If there was ever a modern Greek tragedy about a man and his times, about corporate arrogance and illusions and the scorched-earth tactics to not only counteract corporate America but to beat it at its own game, Bill Lerach's story is it.

1/30/09 - Discussion of the Revision of the California Rules of Professional Conduct

MCLE Ethics 2 Credits

On Friday, Jan. 30, 2009, the Center sponsored and organized a discussion of proposals to change the California Rules of Professional Conduct. The two Co-Vice-Chairs addressed the proposals of the Commission for the Revision of the Rules of Professional Conduct and solicited the views of audience members.

1/27/09 – ABOTA Civility Matters!

Are some lawyers taking the “civil” out of civil law? Some observers think that incivility among lawyers is on the rise. Can a lawyer give his or her client excellent representation without behavior that is hostile, rude or downright mean?

A panel of members of The American Board of Trial Advocates, together with a San Francisco Superior Court Judge, all USF alumni, will discuss and give examples of civility, incivility and solutions to real life situations as part of an effort to support advocacy with professionalism.

5/27/08: – Ethics in Litigation Panel | Intensive Advocacy Program

The Intensive Advocacy Program is a two-week intensive course, focusing on litigation and trial techniques and strategies. The IAP brings seasoned lawyers and judges from across the nation to train law students in the art of advocacy.

5/3/08 – 12th Annual Statewide Ethics Symposium Committee on Professional Responsibility and Conduct Notoriety

The symposium featured a keynote address by Professor Geoffrey Hazard, Thomas E. Miller Distinguished Professor of Law – Hastings College of the Law.

10/16/07 – Making Waves and Riding the Currents: Activism and the Practice of Wisdom

Charles Halpern – a public interest entrepreneur, innovator in legal education, and pioneer in the public interest law movement – is currently Scholar in Residence at Boalt Hall School of Law, University of California at Berkeley. He was the Founding Dean of the City University of New York Law School at Queens College. Previously, he was a Professor at Stanford and Georgetown Law Schools, and a Senior Fellow at Yale Law School. He was the co-founder of the Center for Law and Social Policy (1969), the Mental Health Law Project (now the Bazelon Center for Law and Mental Health) (1971), and the Council for Public Interest Law (now the Alliance for Justice) (1976). After graduating with honors from Yale Law School and Harvard College, he practiced law at Arnold & Porter, in Washington, D.C.

From 1989-2000, he served as the founding President of the Nathan Cummings Foundation, a $400 million grant-making foundation in New York City. He developed many innovative philanthropic initiatives, including Healing and the Mind with Bill Moyers and interfaith dialogue with the Dalai Lama and religious leaders.

Halpern, who recently co-led a mindfulness meditation retreat for over 100 California state court judges, has practiced meditation for the past 20 years with a variety of Buddhist teachers and leads meditation workshops for lawyers, judges and law students. For the past four years, he has led the Boalt Hall Meditation Group, the oldest Law School meditation group. He serves as the chair of the Center for Contemplative Mind in Society.

9/30/07 – State Bar Panel | Inadvertent Disclosure: An Attorney’s Ethical Obligations

Panel talk at the 80th Annual Meeting of the State Bar of California in Anaheim.

9/20/07 – Doing Well by Doing Good in a Plaintiffs’ Practice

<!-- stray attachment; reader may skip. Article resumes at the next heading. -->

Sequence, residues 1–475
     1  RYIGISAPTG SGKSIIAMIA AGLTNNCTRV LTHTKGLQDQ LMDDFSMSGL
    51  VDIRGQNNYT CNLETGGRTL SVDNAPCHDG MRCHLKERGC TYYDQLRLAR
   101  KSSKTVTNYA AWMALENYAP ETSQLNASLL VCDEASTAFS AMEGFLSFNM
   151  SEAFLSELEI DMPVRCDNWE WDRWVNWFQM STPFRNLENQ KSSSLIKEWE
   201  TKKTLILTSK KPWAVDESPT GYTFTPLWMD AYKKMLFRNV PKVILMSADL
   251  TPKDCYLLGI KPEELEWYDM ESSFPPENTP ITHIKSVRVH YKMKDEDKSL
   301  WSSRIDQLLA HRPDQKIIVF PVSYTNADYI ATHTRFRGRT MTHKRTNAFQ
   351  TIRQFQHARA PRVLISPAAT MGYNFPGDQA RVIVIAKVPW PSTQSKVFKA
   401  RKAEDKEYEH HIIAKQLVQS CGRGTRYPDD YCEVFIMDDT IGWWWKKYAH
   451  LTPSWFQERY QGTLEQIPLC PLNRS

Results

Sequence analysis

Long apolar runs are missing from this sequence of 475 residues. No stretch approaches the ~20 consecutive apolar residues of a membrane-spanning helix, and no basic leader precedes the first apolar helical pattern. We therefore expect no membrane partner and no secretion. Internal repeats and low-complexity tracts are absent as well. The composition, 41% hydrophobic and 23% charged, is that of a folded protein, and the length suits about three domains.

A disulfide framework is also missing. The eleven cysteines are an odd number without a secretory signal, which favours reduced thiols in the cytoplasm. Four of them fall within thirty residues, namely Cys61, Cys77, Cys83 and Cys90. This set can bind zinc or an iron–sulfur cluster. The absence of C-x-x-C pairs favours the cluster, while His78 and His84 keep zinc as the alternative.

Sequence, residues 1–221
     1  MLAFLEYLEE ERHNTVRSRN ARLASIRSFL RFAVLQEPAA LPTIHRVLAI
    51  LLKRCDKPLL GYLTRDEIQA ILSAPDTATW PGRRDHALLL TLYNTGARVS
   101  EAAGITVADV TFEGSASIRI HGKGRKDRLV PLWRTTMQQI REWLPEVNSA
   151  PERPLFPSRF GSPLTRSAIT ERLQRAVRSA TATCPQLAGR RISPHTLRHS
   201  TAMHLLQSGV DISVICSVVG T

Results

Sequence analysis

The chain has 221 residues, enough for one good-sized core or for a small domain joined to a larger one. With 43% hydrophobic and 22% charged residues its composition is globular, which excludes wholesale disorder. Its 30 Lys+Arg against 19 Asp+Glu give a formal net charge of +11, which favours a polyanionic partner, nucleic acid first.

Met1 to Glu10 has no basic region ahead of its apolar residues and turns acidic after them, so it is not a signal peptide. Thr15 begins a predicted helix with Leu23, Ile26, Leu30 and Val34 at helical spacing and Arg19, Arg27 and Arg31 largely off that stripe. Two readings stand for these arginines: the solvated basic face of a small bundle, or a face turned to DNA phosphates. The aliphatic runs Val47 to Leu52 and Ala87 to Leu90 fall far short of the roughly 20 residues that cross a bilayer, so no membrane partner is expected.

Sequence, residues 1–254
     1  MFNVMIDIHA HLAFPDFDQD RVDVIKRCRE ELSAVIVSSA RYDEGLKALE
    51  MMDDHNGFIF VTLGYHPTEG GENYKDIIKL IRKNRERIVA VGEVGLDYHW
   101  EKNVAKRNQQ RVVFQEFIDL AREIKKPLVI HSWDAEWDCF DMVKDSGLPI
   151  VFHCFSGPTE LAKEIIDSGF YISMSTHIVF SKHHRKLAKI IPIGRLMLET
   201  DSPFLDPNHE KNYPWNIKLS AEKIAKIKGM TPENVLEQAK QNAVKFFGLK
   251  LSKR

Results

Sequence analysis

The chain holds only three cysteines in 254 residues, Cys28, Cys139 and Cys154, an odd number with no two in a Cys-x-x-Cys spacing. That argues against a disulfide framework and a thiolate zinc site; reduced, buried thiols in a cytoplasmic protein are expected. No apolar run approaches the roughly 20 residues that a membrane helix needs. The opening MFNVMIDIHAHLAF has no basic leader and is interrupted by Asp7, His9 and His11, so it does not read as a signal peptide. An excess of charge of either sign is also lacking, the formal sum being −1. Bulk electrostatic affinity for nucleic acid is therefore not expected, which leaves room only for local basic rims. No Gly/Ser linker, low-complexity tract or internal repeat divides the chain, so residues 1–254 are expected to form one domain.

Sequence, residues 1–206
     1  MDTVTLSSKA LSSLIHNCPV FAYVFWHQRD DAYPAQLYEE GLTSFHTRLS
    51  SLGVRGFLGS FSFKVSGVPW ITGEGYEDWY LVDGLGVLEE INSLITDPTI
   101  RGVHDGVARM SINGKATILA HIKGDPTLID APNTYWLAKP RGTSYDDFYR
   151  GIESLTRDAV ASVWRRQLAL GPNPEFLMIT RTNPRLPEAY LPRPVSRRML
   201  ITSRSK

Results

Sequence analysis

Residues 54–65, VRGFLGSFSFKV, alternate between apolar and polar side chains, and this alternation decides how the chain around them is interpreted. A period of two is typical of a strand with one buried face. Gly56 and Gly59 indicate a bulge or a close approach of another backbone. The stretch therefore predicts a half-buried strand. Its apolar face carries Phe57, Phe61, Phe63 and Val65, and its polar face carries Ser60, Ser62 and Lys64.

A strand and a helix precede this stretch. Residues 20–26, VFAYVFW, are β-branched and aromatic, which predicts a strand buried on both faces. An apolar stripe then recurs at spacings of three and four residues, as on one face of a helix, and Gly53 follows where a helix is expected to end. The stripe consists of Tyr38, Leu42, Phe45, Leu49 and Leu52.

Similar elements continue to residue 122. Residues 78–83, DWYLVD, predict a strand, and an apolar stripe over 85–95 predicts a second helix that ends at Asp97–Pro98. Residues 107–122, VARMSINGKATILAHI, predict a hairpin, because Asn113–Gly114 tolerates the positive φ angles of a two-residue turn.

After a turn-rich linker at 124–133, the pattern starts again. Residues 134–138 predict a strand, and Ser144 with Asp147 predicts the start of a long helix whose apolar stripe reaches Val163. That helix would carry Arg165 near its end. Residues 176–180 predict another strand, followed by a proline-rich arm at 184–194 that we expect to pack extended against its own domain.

Lori Andrus, Andrus Liberty & Anderson, LLP

Ms. Andrus discussed battling corporate greed and misconduct on behalf of their clients.

When CEOs choose profits over people, and when credit card companies prey upon the most vulnerable in our society, the civil justice system remains as the last protector. After the legislatures, and then the regulators fail, plaintiffs’ attorneys hold wrongdoers accountable.

5/29/07 – Ethics in Litigation Panel | Intensive Advocacy Program

The Intensive Advocacy Program is a two-week intensive course, focusing on litigation and trial techniques and strategies. The IAP brings seasoned lawyers and judges from across the nation to train law students in the art of advocacy.

3/29/07 – A Report from the Front Lines: A Successful Class Action Trial Against Wal-Mart

Jessica Grant, USF Alumna and recently named a 2007 “California Attorney of the Year” by California Lawyer Magazine, discussed her work in the precedent-setting wage and hour class action suit, Savaglio et. al. v. Wal-Mart Stores, Inc., et. al., where a jury verdict of $172 million was obtained as well as a permanent injunction against Wal-Mart Stores, Inc.

4/8/04 – What Does the DOJ Have Against Jesselyn Radack?

A discussion with the former DOJ attorney who advised the government to honor John Walker Lindh’s legal rights.

4/16/03 – Ethics and War: Unethical Government Conduct in the Name of National Security

Professor Kathleen Clark is one of the most innovative Legal Ethics teachers in the country, and a nationally recognized expert on ethics and national security issues. In addition to post-9/11 constitutional restrictions imposed by the current administration, she addressed a historical pattern of misconduct in high profile national security cases, including:

  • Korematsu and Japanese internment cases
  • Ellsberg and the Pentagon papers case
  • Reynolds and the law of state secrets, and
  • Quinn and the prosecution of WW II German saboteurs

Professor Clark argued that the government’s tendency toward misconduct in such cases means that courts should not give such extreme deference to the executive branch in these situations.

1/16/03 – Whistleblower: A Story of Courage and Survival

Attorney Cindy Ossias is responsible for blowing the whistle on the illegal activities of former State Insurance Commissioner Chuck Quackenbush. Her story was featured on NBC's Dateline.

Ms. Ossias described her own story, including the investigation into her own conduct. She discussed the risks involved for a lawyer/whistleblower, and how the law could be reformed to protect lawyers who feel compelled to act for the public good.

4/16/02 – Doctors, the Law, and the Ethics of Death

Professor Zitrin discussed ethical issues relating to the physician’s role in death penalty cases, involuntary medication of mentally ill prisoners, making life and death decisions for the gravely ill, and other legal conflicts.

2/01/02 - Written Symposium

In conjunction with the USF Law Review, the Center for Applied Legal Ethics (now know as the Center for Law and Ethics) hosted a written symposium on teaching values in law school. Each of the four major contributors to this Symposium—Chris Eisgruber, Josh Rosenberg, Paul Tremblay, and Brad Wendel—grappled with a fundamental challenge for legal ethics: whether and how to teach values to students. Given the emphasis in law schools on remaining open to differing perspectives rather than arriving at orthodoxy and on engaging in intellectual exploration rather than inculcating values, that challenge is formidable. The scholars’ responses to that challenge appeared in 36 U.S.F. L. Rev. (2002).